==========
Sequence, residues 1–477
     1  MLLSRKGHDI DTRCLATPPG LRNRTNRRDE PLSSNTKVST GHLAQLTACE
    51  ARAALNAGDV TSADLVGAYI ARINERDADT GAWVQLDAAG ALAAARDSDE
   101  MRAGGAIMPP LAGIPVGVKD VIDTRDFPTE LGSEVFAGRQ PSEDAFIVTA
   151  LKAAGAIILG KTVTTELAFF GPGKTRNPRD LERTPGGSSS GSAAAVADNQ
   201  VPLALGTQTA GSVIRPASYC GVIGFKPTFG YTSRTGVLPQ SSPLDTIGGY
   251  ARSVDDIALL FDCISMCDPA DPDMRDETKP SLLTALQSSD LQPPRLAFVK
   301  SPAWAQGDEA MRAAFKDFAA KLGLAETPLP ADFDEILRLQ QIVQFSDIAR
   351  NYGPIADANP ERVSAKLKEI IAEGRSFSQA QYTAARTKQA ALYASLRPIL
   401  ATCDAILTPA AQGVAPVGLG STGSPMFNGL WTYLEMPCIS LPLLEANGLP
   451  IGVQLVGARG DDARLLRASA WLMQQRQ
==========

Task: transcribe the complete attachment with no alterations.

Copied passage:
Sequence, residues 1–477
     1  MLLSRKGHDI DTRCLATPPG LRNRTNRRDE PLSSNTKVST GHLAQLTACE
    51  ARAALNAGDV TSADLVGAYI ARINERDADT GAWVQLDAAG ALAAARDSDE
   101  MRAGGAIMPP LAGIPVGVKD VIDTRDFPTE LGSEVFAGRQ PSEDAFIVTA
   151  LKAAGAIILG KTVTTELAFF GPGKTRNPRD LERTPGGSSS GSAAAVADNQ
   201  VPLALGTQTA GSVIRPASYC GVIGFKPTFG YTSRTGVLPQ SSPLDTIGGY
   251  ARSVDDIALL FDCISMCDPA DPDMRDETKP SLLTALQSSD LQPPRLAFVK
   301  SPAWAQGDEA MRAAFKDFAA KLGLAETPLP ADFDEILRLQ QIVQFSDIAR
   351  NYGPIADANP ERVSAKLKEI IAEGRSFSQA QYTAARTKQA ALYASLRPIL
   401  ATCDAILTPA AQGVAPVGLG STGSPMFNGL WTYLEMPCIS LPLLEANGLP
   451  IGVQLVGARG DDARLLRASA WLMQQRQ